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Usually I avoid quotidian political subjects, but I am excited about the newly released plans for high speed rail (which fit very well with my preferred vision of the future) and I was also angered by the kneejerk opposition to those plans. It would be fun and elucidating to write about the many merits of high speed rail and the great opportunities which such a system presents. Unfortunately that doesn’t seem to be the way that political discourse is conducted in America anymore, so I will bow to contemporary conventions and belittle its foes.
A pro-rail article from Yahoo news presented these disparaging words from a rail critic, “Only two rail corridors in the world – France’s Paris to Lyon line and Japan’s Tokyo to Osaka line – cover their costs, says Ken Button, director of the Center for Transportation Policy at George Mason University in Fairfax, Va.”
Hmm, I actually don’t think anything in the transportation world covers its cost. Ken Button, whose quote makes him sound profoundly ignorant of transportation realities (and whose name makes him sound like an off-brand toy) is just blithely assuming that roads, highways, car infrastructure, and even air infrastructure is all free. In fact these things cost a great deal of money–and taxpayers foot the bill. Even “for-profit” airlines are heavily subsidized and supported by public money. But it is money that taxpayers are willing to shell out, because we like having a civilization.
Sometimes, when I’m on the subway and lack an appropriate book, I read one of New York City’s tabloids. The editorial section usually features some suburban blowhard observing that since he doesn’t take the subway he doesn’t want his tax dollars paying for it–let the strap hangers pay for it themselves with greatly increased fares. This poor logic always bothers me. An equally weak counter argument would run thus: I don’t drive, so why should my tax dollars pay for the roads? (I could add that roads are filled with dangerous maniacs who love to carelessly mow down children, working people, and even one another. Additionally cars increase our reliance on foreign oil suppliers and cause a variety of environmental problems.)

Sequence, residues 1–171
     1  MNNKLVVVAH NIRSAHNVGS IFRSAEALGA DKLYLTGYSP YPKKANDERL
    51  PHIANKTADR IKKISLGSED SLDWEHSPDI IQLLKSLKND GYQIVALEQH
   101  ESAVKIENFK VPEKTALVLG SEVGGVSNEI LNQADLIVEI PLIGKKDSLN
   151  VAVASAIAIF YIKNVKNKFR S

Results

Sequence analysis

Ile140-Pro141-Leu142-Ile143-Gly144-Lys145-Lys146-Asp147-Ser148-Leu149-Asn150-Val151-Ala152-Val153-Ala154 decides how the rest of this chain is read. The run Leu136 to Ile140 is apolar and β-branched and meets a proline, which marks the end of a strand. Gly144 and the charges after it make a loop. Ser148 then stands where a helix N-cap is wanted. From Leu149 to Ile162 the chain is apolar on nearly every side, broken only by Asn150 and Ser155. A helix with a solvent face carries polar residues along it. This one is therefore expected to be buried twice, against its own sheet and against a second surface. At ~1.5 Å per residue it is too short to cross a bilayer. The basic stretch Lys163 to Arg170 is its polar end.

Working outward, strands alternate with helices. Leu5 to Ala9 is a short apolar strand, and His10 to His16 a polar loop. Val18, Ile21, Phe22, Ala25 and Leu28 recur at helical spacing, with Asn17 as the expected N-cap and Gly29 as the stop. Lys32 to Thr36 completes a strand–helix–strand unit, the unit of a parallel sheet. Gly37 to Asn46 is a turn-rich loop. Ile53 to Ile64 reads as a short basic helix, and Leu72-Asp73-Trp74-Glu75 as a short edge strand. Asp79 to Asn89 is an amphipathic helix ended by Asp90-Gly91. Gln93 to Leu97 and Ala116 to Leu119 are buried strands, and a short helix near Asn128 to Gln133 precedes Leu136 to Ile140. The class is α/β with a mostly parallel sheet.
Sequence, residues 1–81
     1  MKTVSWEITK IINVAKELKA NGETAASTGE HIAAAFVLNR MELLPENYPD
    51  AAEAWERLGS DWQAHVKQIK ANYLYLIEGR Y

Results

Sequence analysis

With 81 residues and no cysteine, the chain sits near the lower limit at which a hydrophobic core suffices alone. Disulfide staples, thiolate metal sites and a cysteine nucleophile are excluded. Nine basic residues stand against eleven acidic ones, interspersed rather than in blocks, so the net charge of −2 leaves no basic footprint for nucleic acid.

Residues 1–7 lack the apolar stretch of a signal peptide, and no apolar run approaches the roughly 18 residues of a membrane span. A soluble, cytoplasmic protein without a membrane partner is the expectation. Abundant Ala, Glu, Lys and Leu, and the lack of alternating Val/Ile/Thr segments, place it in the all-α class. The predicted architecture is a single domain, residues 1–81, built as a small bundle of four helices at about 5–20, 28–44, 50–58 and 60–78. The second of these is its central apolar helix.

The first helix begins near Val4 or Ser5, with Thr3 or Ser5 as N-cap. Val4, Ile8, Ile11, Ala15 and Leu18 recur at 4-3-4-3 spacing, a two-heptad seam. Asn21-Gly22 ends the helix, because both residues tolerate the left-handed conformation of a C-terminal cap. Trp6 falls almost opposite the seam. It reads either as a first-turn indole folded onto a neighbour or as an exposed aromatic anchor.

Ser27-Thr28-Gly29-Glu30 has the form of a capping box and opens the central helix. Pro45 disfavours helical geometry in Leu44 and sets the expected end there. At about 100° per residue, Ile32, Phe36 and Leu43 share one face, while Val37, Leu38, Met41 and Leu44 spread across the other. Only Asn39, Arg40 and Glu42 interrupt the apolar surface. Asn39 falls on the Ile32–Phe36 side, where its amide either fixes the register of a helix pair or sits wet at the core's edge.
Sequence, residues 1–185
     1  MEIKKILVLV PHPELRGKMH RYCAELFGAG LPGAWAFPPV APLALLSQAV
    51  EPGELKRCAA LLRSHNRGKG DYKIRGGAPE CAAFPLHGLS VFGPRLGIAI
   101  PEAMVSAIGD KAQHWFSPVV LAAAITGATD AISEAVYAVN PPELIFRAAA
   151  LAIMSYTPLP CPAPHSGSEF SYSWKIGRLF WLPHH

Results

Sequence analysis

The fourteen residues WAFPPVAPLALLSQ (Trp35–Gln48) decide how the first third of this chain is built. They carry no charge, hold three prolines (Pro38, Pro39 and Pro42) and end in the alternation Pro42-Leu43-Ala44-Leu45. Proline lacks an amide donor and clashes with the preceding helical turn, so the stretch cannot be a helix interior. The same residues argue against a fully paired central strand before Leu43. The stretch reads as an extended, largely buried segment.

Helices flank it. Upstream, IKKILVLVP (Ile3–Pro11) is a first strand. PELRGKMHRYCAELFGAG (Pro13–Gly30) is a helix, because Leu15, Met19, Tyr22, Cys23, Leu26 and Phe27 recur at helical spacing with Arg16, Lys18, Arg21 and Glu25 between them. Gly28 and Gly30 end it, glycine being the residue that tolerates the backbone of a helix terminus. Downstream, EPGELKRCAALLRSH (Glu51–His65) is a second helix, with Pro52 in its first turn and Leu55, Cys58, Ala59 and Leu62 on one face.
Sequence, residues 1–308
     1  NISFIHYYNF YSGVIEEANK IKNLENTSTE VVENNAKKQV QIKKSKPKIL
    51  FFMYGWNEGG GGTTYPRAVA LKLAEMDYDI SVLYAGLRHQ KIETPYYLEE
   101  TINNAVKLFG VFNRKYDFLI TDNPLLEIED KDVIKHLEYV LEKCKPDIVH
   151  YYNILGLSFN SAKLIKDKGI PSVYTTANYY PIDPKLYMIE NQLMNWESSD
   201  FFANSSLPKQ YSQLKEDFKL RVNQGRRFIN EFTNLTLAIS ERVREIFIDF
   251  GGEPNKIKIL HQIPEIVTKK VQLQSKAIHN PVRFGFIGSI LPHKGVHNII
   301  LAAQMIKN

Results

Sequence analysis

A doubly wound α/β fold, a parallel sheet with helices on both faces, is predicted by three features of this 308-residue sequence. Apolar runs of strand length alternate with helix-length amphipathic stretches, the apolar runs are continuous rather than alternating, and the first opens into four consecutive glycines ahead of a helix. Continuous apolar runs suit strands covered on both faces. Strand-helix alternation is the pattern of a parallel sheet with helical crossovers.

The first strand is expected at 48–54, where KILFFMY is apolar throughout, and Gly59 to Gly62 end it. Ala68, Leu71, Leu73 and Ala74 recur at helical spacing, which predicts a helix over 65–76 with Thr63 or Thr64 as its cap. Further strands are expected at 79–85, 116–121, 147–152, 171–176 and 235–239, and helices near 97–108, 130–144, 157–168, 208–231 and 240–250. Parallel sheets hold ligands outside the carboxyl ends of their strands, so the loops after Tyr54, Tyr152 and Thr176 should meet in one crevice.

But it is wrong to dislike roads (and the automobiles on them). Roads allow goods and services to move everywhere: they are the means by which emergency vehicles get around and food is delivered. Outside the city, they are the only way to travel (except for ornithopter or pony). But, here in the northeast corridor, they are also a mess. So are airports for that matter. If we want to move around freely in the future we will need new means of doing so (maybe we won’t want to travel—we might be busy shooting arrows at each other and fighting over canned food, however politicians would be wise not to make that a centerpiece of their vision for the future). I’m sure the anti-subway driving enthusiast writing to the Daily News would find new worth for the subway if all 5 million riders decided to drive to work (particularly if it was on the day his heart gave out and he needed an ambulance). Maybe he will even have some qualms about quashing public transportation when petrol shoots up a few more dollars (and growing instability in the middle East always makes that seem likely sooner rather than later).
Of course there are very valid concerns about the proposed high speed rail system: Amtrak is a mess (having been remade in the image of a pork barrel), and we don’t want to damage our extremely reliable freight rail service. And the whole thing is going to cost far more money than it is being billed at (money we don’t have). But I imagine that money would be thrown out anyway (remember “cash for clunkers” which subsidized wealthy car buyers to purchase new Toyotas?) and at least we’ll have beautiful new bullet trains and an additional way for people to move around the country. Additionally, such a system will be necessary when we inevitably move to a nuclear-powered world. Either opponents of the new high speed rail plans should produce some long term plans of their own or they should just come straight out and proclaim they are friends of Middle Eastern despots and that they oppose technological progress and infrastructure growth.